To John Adams Monticello, September 4, 1823

The Letters of Thomas Jefferson DEAR SIR,

-- Your letter of Aug. 15. was recieved in due time, and with the welcome of every thing which comes from you. With it's opinions on the difficulties of revolutions, from despotism to freedom, I very much concur. The generation which commences a revolution can rarely compleat it. Habituated from their infancy to passive submission of body and mind to their kings and priests, they are not qualified, when called on, to think and provide for themselves and their inexperience, their ignorance and bigotry make them instruments often, in the hands of the Bonapartes and Iturbides to defeat their own rights and purposes. This is the present situation of Europe and Spanish America. But it is not desperate. The light which has been shed on mankind by the art of printing has eminently changed the condition of the world. As yet that light has dawned on the midling classes only of the men of Europe. The kings and the rabble of equal ignorance, have not yet recieved it's rays; but it continues to spread. And, while printing is preserved, it can no more recede than the sun return on his course. A first attempt to recover the right of self-government may fail; so may a 2d. a 3d. etc., but as a younger, and more instructed race comes on, the sentiment becomes more and more intuitive, and a 4th. a 5th. or some subsequent one of the ever renewed attempts will ultimately succeed. In France the 1st. effort was defeated by Robespierre, the 2d. by Bonaparte, the 3d. by Louis XVIII. and his holy allies; another is yet to come, and all Europe, Russia excepted, has caught the spirit, and all will attain representative government, more or less perfect. This is now well understood to be a necessary check on kings, whom they will probably think it more prudent to chain and tame, than to exterminate. To attain all this however rivers of blood must yet flow, and years of desolation pass over. Yet the object is worth rivers of blood, and years of desolation for what inheritance so valuable can man leave to his posterity? The spirit of the Spaniard and his deadly and eternal hatred to a Frenchman, gives me much confidence that he will never submit, but finally defeat this atrocious violation of the laws of god and man under which he is suffering; and the wisdom and firmness of the Cortes afford reasonable hope that that nation will settle down in a temperate representative government, with an Executive properly subordinated to that. Portugal, Italy, Prussia, Germany, Greece will follow suit. You and I shall look down from another world on these glorious atchievements to man, which will add to the joys even of heaven.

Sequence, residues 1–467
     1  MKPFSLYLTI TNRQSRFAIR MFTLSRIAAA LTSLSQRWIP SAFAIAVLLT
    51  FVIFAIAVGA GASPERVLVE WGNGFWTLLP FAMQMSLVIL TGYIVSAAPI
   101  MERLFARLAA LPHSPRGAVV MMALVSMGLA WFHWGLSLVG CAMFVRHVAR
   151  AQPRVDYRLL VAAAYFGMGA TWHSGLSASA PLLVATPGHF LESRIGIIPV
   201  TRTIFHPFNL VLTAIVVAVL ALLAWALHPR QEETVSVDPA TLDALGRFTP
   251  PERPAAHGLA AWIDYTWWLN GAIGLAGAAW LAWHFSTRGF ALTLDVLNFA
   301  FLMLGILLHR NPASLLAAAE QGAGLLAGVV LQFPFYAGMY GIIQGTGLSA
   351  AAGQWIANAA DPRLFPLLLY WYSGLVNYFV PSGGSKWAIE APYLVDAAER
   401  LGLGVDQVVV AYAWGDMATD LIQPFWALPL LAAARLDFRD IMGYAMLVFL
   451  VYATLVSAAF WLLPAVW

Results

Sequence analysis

I observe your toast of Mr. Jay on the 4th. of July, wherein you say that the omission of his signature to the Declaration of Independance was by accident. Our impressions as to this fact being different, I shall be glad to have mine corrected, if wrong. Jay, you know, had been in constant opposition to our laboring majority. Our estimate, at the time, was that he, Dickinson and Johnson of Maryland by their ingenuity, perseverance and partiality to our English connection, had constantly kept us a year behind where we ought to have been in our preparations and proceedings. From about the date of the Virginia instructions of May 15. 76. to declare Independance Mr. Jay absented himself from Congress, and never came there again until Dec. 78. Of course he had no part in the discussions or decision of that question. The instructions to their delegates by the Convention of New York, then sitting, to sign the Declaration, were presented to Congress on the 15th. of July only, and on that day the journals shew the absence of Mr. Jay by a letter recieved from him, as they had done as early as the 29th. of May by another letter. And, I think, he had been omitted by the Convention on a new election of Delegates when they changed their instructions. Of this last fact however having no evidence but an antient impression, I shall not affirm it. But whether so or not, no agency of accident appears in the case. This error of fact however, whether yours or mine, is of little consequence to the public. But truth being as cheap as error, it is as well to rectify it for our own satisfaction.

I have had a fever of about three weeks during the last and preceding month, from which I am entirely recovered except as to strength.

Ever and affectionately yours